The Complex

Israel’s killer robot cars

As Israeli ground forces literally stand on the brink of invading Gaza, they are likely being aided by the world’s first operational unmanned ground vehicle, the Guardium, which is already prowling the border between Israel and Gaza. Looking like a Smart Car on steroids, the Guardium is an unmanned armored car that carries more than ...

Israel Defense Forces
Israel Defense Forces

As Israeli ground forces literally stand on the brink of invading Gaza, they are likely being aided by the world's first operational unmanned ground vehicle, the Guardium, which is already prowling the border between Israel and Gaza.

Looking like a Smart Car on steroids, the Guardium is an unmanned armored car that carries more than 660-pounds of cameras, electronic sensors and weapons, according to the Israel Defense Forces' blog (notice how the blog says it has built-in protection against denial of service attacks, that's expensive). The killer go-kart can be operated in real time by a driver sitting in distant command center -- similar to the way armed drones are flown by far-off pilots -- or they can be programmed to "run patrol on predetermined routes without human intervention," according to the blog. (Human Rights Watch will love that last bit.)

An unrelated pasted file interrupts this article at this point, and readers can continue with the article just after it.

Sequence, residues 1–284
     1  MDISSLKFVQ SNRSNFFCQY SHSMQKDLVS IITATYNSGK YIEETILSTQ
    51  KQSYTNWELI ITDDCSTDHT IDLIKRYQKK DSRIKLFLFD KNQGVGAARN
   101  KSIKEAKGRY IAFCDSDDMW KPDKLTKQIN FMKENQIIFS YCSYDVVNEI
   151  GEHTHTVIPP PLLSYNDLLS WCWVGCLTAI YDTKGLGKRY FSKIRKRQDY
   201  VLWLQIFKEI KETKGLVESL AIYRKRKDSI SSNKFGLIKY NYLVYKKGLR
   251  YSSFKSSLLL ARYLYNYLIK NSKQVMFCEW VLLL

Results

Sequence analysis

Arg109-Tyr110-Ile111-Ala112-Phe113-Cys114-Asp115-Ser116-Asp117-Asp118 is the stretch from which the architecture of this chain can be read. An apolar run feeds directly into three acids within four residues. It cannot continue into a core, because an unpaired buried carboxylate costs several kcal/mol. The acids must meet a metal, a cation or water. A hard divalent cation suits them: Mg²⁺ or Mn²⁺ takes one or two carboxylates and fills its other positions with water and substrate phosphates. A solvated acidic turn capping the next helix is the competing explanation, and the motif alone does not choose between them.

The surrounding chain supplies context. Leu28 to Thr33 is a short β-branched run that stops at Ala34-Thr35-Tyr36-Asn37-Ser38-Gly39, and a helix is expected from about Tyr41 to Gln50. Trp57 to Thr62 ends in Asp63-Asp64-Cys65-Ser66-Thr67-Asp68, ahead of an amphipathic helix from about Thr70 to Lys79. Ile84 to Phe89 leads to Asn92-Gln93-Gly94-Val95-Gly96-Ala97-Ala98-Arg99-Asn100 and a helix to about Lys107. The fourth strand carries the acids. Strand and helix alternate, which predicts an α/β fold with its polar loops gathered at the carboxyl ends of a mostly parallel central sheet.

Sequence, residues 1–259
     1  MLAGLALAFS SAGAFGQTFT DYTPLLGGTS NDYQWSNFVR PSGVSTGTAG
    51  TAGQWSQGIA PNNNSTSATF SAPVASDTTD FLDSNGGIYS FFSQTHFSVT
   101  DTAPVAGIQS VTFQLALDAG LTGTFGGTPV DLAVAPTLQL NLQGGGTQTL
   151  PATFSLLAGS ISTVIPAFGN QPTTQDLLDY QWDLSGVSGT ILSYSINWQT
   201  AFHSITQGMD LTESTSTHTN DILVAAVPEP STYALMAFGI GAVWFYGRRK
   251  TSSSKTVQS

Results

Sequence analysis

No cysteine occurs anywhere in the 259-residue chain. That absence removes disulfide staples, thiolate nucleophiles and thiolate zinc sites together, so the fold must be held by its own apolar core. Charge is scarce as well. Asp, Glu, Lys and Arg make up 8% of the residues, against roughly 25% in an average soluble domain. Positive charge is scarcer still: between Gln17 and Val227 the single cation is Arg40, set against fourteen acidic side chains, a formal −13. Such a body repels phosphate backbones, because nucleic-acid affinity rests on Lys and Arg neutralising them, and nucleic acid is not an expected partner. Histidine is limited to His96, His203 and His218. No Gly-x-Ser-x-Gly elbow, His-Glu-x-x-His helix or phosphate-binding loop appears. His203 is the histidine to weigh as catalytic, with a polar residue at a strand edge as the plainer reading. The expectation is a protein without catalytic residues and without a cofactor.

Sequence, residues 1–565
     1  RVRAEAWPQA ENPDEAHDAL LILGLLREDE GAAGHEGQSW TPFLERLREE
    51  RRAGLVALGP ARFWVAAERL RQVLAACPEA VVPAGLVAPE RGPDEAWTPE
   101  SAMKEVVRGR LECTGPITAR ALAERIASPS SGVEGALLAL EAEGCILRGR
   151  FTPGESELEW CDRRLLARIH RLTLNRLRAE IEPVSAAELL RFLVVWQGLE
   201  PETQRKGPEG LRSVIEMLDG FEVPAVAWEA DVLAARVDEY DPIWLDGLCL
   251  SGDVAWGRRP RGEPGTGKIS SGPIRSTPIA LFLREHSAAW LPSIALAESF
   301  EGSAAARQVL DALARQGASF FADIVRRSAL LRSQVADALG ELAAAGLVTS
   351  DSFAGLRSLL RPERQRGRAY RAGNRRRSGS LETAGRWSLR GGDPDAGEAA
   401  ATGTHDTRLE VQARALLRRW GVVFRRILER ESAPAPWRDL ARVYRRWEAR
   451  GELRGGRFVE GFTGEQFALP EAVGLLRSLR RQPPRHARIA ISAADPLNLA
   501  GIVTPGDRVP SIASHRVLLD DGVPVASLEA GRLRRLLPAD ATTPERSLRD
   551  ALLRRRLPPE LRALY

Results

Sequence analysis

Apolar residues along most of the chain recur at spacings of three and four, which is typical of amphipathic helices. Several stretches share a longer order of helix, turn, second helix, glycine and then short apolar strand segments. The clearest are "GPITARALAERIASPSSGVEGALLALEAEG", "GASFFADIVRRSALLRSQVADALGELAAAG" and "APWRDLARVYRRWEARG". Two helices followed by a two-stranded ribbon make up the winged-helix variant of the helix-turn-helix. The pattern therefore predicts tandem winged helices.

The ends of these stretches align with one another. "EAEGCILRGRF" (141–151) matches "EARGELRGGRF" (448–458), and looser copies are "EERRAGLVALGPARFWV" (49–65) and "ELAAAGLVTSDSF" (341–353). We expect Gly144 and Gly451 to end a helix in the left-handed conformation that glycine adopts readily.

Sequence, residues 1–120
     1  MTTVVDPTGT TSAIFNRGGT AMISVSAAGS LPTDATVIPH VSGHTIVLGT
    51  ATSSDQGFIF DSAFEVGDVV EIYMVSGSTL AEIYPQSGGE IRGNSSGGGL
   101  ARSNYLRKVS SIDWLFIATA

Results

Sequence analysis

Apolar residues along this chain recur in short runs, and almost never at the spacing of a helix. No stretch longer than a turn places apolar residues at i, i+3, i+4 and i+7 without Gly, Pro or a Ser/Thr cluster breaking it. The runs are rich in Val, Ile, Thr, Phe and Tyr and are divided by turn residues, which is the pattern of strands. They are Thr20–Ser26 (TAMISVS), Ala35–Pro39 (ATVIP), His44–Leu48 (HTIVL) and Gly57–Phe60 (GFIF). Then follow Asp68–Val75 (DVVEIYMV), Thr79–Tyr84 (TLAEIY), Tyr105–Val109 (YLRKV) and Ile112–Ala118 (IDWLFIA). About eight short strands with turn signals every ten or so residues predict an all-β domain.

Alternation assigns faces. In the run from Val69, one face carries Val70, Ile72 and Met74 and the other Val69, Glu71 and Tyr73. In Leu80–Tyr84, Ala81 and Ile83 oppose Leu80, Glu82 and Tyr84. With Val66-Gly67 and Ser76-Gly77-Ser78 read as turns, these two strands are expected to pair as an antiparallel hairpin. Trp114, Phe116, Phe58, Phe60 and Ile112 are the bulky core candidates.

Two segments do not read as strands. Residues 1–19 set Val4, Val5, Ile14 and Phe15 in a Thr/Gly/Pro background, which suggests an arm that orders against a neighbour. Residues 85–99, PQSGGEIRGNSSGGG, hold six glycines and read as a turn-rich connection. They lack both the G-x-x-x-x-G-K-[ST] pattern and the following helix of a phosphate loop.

The Guardium can even "react to unscheduled events, in line with a set of guidelines specifically programmed for the site characteristics and security routines," brags its manufacturer, Israel-based G-NIUS Unmanned Ground Systems. (The Guardium is basically an armored version of the U.S.-made Tomcar desert buggies.) That means that if the Guardium sees something it doesn't like, it can apparently take action all on its own -- likely alerting a command center to the presence of something suspicious, not opening fire without notifying a human operator first.